Thanks UtahBeehiver ,
              does low duty vs medium relate to heat retention or just durability or both ?
              Also Im still debating using forno mortar and insulation vs vermiculite and home brew, I can see myself screwing up home brew.
              I can drive there to pick it up but the price just went up and adds alot to the build.

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              • #8
                There is a good brick primer in the Forno Bravo ovens plans, if you have downloaded them yet you should, they are only a few bucks and provide a good baseline (a little dated). Combine that with the latest construction, material, and design improvements from the forum blog and you will be in good shape. You really cannot mess up home brew. The hardest things for builders are finding fire clay, then lime, the rest is available at any big box store. Ceramic insulation for the floor and the dome are the best but also the most expensive but in the nominal in cost relative to the total project cost. So it is a budget issue. Nothing wrong with p or v crete, it just takes more to equate to high tech ceramic insulation.

                Back to original question duty rating is typically the amount of alumina content, in your case 20.55, hence lower temperature rating and lower hardness but well within the requirements of a WFO.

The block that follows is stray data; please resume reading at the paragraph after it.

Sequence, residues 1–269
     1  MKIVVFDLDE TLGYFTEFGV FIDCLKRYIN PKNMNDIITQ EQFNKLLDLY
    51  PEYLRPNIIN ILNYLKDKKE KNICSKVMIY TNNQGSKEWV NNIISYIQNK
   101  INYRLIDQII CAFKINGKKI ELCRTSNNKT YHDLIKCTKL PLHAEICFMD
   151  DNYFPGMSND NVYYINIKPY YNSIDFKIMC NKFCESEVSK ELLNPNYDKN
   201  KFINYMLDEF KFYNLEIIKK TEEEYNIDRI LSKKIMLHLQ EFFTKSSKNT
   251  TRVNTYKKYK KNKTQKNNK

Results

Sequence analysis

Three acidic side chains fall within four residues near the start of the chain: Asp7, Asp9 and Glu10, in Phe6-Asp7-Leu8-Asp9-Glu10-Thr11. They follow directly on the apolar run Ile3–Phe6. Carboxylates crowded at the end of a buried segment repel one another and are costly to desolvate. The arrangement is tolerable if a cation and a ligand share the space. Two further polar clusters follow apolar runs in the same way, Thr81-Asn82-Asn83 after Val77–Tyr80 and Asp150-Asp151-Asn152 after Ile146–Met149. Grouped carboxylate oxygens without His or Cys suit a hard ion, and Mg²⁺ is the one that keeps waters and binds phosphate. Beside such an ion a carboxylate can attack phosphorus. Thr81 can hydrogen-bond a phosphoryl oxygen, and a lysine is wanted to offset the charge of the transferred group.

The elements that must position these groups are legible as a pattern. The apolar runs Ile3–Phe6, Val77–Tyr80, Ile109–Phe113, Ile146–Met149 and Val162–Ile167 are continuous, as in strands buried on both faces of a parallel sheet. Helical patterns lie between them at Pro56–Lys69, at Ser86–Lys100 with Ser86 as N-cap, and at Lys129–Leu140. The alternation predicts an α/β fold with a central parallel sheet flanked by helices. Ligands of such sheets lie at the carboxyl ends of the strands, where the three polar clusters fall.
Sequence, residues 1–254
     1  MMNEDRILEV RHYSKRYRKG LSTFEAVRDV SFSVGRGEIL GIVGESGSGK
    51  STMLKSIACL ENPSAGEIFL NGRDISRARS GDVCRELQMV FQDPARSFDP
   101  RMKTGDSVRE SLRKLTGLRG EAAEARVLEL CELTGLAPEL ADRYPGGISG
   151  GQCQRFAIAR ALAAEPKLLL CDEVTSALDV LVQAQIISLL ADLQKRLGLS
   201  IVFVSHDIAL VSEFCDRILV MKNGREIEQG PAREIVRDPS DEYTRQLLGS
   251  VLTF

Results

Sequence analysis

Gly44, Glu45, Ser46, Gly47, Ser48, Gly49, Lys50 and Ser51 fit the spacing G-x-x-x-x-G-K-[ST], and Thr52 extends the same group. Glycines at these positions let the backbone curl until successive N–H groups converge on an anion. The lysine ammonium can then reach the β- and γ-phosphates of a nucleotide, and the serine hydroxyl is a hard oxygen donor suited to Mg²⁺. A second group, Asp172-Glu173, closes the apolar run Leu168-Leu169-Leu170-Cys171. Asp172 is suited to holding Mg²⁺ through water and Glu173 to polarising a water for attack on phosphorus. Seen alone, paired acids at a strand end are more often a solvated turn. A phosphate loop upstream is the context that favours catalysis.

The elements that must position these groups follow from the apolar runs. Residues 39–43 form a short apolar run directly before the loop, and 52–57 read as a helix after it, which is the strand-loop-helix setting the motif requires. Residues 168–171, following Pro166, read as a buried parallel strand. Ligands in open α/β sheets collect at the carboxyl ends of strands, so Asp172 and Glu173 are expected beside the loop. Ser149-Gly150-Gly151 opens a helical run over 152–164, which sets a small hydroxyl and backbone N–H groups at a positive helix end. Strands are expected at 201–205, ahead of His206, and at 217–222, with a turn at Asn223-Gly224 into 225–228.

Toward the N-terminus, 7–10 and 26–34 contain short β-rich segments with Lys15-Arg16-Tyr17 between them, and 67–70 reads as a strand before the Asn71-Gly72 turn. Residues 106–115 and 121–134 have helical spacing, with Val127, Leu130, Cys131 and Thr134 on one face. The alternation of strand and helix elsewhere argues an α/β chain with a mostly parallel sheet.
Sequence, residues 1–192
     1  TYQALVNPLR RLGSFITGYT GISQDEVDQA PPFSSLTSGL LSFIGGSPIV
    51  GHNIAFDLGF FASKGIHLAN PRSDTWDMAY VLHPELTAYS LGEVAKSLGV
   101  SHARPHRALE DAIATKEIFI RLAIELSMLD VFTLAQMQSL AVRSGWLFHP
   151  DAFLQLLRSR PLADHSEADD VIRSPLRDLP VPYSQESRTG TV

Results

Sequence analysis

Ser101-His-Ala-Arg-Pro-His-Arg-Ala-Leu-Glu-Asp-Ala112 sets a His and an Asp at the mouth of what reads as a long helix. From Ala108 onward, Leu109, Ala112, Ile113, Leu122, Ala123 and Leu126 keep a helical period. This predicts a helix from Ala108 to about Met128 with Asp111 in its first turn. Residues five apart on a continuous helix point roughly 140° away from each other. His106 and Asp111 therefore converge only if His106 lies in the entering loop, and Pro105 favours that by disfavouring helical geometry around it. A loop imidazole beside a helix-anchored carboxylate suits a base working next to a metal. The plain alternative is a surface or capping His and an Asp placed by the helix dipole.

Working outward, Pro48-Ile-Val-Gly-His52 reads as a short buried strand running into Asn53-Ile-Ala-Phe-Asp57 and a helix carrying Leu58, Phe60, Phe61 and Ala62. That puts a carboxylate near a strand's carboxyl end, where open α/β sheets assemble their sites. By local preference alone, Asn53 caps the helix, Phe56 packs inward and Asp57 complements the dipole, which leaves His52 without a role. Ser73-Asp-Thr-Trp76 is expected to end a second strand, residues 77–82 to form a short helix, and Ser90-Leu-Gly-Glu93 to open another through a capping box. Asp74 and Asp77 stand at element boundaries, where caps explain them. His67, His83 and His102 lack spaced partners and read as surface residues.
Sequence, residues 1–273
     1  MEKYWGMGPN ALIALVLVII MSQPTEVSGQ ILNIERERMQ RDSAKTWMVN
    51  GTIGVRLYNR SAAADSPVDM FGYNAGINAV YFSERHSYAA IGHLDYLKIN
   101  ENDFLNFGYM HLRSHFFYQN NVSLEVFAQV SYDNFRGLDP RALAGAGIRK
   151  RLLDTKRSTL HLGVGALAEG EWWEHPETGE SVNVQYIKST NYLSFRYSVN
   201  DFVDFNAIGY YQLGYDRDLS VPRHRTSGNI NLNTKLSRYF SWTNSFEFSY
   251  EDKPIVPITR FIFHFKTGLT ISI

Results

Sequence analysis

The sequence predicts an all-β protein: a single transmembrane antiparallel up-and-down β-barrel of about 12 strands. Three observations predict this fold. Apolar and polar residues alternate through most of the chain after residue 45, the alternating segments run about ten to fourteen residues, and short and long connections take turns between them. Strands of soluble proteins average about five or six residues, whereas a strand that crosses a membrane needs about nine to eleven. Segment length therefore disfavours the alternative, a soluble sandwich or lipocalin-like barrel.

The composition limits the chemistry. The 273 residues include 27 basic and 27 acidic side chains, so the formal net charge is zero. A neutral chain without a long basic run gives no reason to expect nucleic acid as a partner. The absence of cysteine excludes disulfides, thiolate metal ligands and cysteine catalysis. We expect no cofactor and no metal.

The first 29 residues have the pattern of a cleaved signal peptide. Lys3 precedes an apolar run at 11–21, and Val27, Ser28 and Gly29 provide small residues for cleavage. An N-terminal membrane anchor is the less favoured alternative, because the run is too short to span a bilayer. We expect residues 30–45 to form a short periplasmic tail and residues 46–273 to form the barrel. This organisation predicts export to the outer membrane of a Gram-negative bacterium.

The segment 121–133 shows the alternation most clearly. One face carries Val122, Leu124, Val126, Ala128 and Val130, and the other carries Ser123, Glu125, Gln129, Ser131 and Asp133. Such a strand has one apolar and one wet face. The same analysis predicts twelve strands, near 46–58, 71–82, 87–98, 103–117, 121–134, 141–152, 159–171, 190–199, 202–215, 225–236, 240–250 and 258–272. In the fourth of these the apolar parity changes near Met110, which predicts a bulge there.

Russell
                Google Photo Album [https://photos.google.com/share/AF1Q...JneXVXc3hVNHd3/]

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                • #9
                  I have the plans from a few years back, kicking myself in the butt for not buying a kit then.
                  I was just wondering because the plans firebrick primer says low duty was 30%, these are 20% .
                  Appreciate your help and thanks for your photo album, it explains a lot, that is fine craftsmanship.
                  Mark

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                  • #10
                    I really don't think low duty bricks will be an issue. As mentioned before you chose the best for the floor, the rest for the dome. Many builder have used low duty, in my case I used super duty plus 70% alumina and they are really hard to cut (but I got a deal on them) went through a dozen plus diamond blades where as builders with low duty bricks might only need one maybe two blades.
                    Russell
                    Google Photo Album [https://photos.google.com/share/AF1Q...JneXVXc3hVNHd3/]

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                    • #11
                      If you are going to make a tapered arch you might want to sort some bricks there the "thin" sides are parallel to each other as described in the thread below, especially if your saw requires you to make cuts from both sides of a brick to make the taper.

                      https://community.fornobravo.com/for...426#post418426
                      My build thread
                      http://www.fornobravo.com/community/...h-corner-build